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Changes to Structure of Popular College Courses

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Changes to Structure of Popular College Courses

Monday, January 05, 2015 

Changes to Structure of Popular College Courses

Five significant changes that will be of interest to students applying for college places this year are highlighted by Guidance Counsellor Aoife Walsh in today's Irish Independent:

TCD Feasibility Study

This is the second year of this study, testing an alternative entry route to college for students who demonstrate a passion and academic ability for a subject, but who may not achieve the necessary CAO points.

Under the project, 10 places are made available in Law (TR004), 10 places in History (TR008) and five places in Ancient and Medieval History and Culture (TR028) for students who opt to be considered for entry using this route.

Last year there were 270 applications for those 25 places. As part of the study, students are assessed for their suitability to study in their chosen area in a more holistic way, which Trinity measures in three scales:

  • Leaving Cert results;
  • How a student performed in the Leaving Certificate compared with other students in their school;
  • A personal statement where the student outlines their interest in the subject area and any personal circumstances which may have affected their ability to reach their potential.

The anonymity of the applicant is preserved as there are no interviews. Applicants interested in using this route for any of the three courses apply in the normal way through the CAO and they are also invited to either opt-in or opt-out of the feasibility study. The full guide is available from The 10 students offered places in History were up to 150 points short of the CAO cut-off, while the 10 students offered places in Law were up to 70 points short of the cut-off.

Application Details for the scheme are available here

Common Entry Courses

A clear trend in the CAO this year is the reduction in the amount of courses which require applicants to choose a specialisation at the time of application in favour of broad-based entry routes. In one example, University College Cork (UCC) has replaced four engineering degrees with one common entry course CK600 Engineering.

These courses allow applicants to choose their specialisations later. This can be very helpful for many students who find it difficult to make such specific decisions during Leaving Cert year. This model also allows students who are sure of their specialisations the opportunity to try out different areas and develop a broader knowledge base.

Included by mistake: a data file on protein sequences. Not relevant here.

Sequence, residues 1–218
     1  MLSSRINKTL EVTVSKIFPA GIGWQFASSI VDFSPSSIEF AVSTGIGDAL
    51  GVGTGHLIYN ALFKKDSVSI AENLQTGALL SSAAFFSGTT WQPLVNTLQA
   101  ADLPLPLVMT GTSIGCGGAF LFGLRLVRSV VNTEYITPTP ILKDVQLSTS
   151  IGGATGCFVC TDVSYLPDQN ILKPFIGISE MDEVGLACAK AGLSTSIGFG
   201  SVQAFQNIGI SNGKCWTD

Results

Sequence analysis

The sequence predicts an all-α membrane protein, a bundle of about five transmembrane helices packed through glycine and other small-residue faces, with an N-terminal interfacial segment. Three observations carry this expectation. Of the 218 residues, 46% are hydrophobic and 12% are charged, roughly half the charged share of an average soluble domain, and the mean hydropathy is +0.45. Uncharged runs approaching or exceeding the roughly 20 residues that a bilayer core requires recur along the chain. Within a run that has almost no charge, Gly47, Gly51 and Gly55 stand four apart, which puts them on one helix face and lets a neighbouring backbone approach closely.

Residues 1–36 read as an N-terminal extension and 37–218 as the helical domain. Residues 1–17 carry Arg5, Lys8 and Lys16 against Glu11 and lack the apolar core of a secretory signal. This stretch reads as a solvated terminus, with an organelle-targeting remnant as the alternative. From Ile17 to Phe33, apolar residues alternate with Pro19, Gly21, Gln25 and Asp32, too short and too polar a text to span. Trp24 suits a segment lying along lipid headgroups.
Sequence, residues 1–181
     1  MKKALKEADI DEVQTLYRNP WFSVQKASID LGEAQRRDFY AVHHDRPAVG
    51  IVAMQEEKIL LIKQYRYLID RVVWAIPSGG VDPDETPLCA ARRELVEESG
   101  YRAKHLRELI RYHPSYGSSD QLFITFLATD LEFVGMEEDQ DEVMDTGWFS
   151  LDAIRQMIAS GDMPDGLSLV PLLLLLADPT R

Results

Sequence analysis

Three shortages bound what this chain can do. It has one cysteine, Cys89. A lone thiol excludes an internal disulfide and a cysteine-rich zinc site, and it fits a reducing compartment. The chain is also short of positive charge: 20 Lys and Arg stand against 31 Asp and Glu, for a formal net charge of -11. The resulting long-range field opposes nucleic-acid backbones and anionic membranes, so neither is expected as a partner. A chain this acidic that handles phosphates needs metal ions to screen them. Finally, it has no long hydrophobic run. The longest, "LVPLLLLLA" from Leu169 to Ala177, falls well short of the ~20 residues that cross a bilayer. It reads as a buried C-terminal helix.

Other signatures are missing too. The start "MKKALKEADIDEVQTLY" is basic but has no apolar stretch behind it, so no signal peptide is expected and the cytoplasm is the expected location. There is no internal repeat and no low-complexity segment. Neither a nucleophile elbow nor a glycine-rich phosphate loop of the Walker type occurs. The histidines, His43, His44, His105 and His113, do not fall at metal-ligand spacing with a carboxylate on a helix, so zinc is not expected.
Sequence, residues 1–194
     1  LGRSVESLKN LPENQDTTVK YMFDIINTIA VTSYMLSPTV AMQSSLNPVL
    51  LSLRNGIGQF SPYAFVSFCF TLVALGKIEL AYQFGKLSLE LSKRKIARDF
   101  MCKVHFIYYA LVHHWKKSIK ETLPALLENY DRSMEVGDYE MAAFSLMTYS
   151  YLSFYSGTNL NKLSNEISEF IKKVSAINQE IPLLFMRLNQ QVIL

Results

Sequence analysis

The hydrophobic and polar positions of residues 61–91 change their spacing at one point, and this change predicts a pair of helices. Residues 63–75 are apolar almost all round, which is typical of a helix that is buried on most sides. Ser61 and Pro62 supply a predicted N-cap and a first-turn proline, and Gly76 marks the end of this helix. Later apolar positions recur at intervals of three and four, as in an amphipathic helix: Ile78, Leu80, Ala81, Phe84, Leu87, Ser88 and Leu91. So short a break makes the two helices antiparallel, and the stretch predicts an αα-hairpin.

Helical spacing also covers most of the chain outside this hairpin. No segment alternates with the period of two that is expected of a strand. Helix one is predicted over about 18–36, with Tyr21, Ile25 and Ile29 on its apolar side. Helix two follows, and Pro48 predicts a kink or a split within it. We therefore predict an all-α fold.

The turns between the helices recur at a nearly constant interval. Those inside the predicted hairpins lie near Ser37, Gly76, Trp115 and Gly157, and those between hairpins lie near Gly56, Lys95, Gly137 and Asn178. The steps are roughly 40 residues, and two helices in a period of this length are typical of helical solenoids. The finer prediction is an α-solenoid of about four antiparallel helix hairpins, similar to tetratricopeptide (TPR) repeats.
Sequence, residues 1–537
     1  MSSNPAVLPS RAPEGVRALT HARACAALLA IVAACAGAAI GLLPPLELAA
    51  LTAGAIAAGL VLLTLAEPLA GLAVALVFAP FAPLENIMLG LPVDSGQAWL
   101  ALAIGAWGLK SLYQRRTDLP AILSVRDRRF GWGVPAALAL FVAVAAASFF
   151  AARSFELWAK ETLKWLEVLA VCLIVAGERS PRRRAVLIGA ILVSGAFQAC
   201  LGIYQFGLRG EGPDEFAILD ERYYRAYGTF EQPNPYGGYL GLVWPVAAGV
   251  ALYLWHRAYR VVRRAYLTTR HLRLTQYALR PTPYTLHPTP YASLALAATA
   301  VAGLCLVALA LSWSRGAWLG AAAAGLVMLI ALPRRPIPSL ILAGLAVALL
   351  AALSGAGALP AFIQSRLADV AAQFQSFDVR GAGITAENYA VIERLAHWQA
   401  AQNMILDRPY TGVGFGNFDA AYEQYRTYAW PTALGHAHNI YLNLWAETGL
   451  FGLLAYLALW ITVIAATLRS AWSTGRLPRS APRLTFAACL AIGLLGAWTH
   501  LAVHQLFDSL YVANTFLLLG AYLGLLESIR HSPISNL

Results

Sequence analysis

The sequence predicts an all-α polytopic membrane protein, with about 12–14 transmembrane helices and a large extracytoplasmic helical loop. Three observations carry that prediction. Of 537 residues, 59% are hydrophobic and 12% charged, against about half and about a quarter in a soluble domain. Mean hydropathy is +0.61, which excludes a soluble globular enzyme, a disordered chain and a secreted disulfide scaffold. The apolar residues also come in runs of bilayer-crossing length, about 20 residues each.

Teacher training colleges

The Government has moved towards amalgamating the teacher-training colleges with their awarding universities. As a result, applicants will not see Mater Dei or St Patrick's College Drumcondra listed on the CAO for entry in 2015.

However, their courses are still available but this year they are listed under Dublin City University (DCU), with new course codes. They are clearly identified in the CAO handbook and will be taught from the Mater Dei and St Patrick's campuses. The final qualification will continue to be awarded by DCU.

Five-year degrees, including master's

First seen a number of years ago with the introduction of a five-year combined degree and master's in engineering, this year we see pharmacy and home economics education courses following suit.

All pharmacy courses are changing from a four-year degree with a one-year internship, to a five-year combined degree and master's programme with work placement throughout. This structure will have a number of benefits for participating students including more opportunity for varied work practice, to enter industry and work abroad.

However, applicants should also be aware they may be liable for post-graduate fees during their final year.

Similarly, Home Economics Education at St Angela's College, Sligo is moving to a five-year programme, including a master's in order to meet Teaching Council requirements. Students will be liable for postgraduate fees for their final year.

Applicants should be aware that while they may exit the course with a level 8 degree after four years, they will not be recognised by the Teaching Council unless they continue to master's level.


Maynooth University is expanding its opportunities for students to take a language, irrespective of what course they are pursuing.

Its existing Language For All Students programme enables students to take an extra module in a modern European language for extra credits.

In a new development for September 2015, students may now choose to take a language in second year as part of their standard degree programme, with 10 credits available for it. The initiative is not restricted to languages.


The CareersPortal Team